Written Question
Hospital Beds
23 Dec 2021

Questioner: John Redwood (CON - Wokingham)

Question

To ask the Secretary of State for Health and Social Care, what plans he has to increase bed numbers in NHS England hospitals over the next two years.

Answered by Edward Argar

No formal assessment has been made of the trend in the level of bed capacity in the National Health Service (NHS) in England over the last two years. The number of beds in hospitals in the NHS in England is an operational matter for the NHS. NHS bed capacity is not fixed and can be flexed to meet changes in demand, including for COVID-19.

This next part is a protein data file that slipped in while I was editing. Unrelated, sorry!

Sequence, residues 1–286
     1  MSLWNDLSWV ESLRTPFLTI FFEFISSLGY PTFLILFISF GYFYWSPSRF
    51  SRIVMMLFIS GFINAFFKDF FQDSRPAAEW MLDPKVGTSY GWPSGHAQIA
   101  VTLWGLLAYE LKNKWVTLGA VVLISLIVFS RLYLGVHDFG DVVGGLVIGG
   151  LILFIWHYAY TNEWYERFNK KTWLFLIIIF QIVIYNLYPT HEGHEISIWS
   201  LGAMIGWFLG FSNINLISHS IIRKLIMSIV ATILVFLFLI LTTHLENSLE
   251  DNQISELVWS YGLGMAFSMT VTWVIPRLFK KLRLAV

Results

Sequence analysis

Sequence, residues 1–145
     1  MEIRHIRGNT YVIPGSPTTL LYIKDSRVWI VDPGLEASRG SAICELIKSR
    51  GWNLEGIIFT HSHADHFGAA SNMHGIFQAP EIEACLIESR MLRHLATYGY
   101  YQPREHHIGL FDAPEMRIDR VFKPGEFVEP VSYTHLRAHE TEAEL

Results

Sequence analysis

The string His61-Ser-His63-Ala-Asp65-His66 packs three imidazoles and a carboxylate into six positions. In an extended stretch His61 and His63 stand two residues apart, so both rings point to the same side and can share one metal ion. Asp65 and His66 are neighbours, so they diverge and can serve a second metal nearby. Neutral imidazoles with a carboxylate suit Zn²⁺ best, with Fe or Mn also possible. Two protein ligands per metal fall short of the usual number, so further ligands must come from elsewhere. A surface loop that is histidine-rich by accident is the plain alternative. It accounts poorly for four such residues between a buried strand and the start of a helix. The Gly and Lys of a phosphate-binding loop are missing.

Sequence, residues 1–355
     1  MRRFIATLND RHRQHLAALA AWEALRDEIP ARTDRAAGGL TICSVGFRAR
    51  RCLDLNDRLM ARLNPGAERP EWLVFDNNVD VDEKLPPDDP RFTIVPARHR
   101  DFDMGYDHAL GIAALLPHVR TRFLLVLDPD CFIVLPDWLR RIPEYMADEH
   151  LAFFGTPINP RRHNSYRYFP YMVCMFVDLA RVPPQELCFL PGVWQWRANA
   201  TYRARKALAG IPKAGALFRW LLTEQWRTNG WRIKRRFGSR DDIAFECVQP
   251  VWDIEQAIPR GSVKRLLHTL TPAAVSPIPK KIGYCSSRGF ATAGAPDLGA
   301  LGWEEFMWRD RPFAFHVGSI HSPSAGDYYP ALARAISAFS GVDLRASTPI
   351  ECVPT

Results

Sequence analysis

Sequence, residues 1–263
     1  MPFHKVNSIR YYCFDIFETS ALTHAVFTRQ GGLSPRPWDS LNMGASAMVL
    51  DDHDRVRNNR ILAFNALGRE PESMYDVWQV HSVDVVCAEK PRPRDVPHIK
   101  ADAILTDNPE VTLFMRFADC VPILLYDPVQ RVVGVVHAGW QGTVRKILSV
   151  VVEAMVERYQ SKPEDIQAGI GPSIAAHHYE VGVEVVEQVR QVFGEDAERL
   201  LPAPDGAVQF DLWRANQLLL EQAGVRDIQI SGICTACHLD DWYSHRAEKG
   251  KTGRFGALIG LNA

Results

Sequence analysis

Over the last two years, during the pandemic, a number of measures have been put in place to support an increase in the number of available beds in the NHS, particularly to create capacity to treat COVID-19 patients. NHS England and NHS Improvement is undertaking the largest ever seasonal flu vaccination programme, alongside COVID-19 booster vaccinations, to reduce the level of hospital admissions and to free up additional hospital beds. The Government has also provided an additional £478 million to the NHS for this financial year to continue the enhanced hospital discharge programme, helping patients get home from hospital as soon as possible, and freeing up additional beds. This also applies to elective care, with a move towards more operations being done on an outpatient basis, removing the need for patients to stay overnight in hospital, freeing up beds as well as tackling backlogs.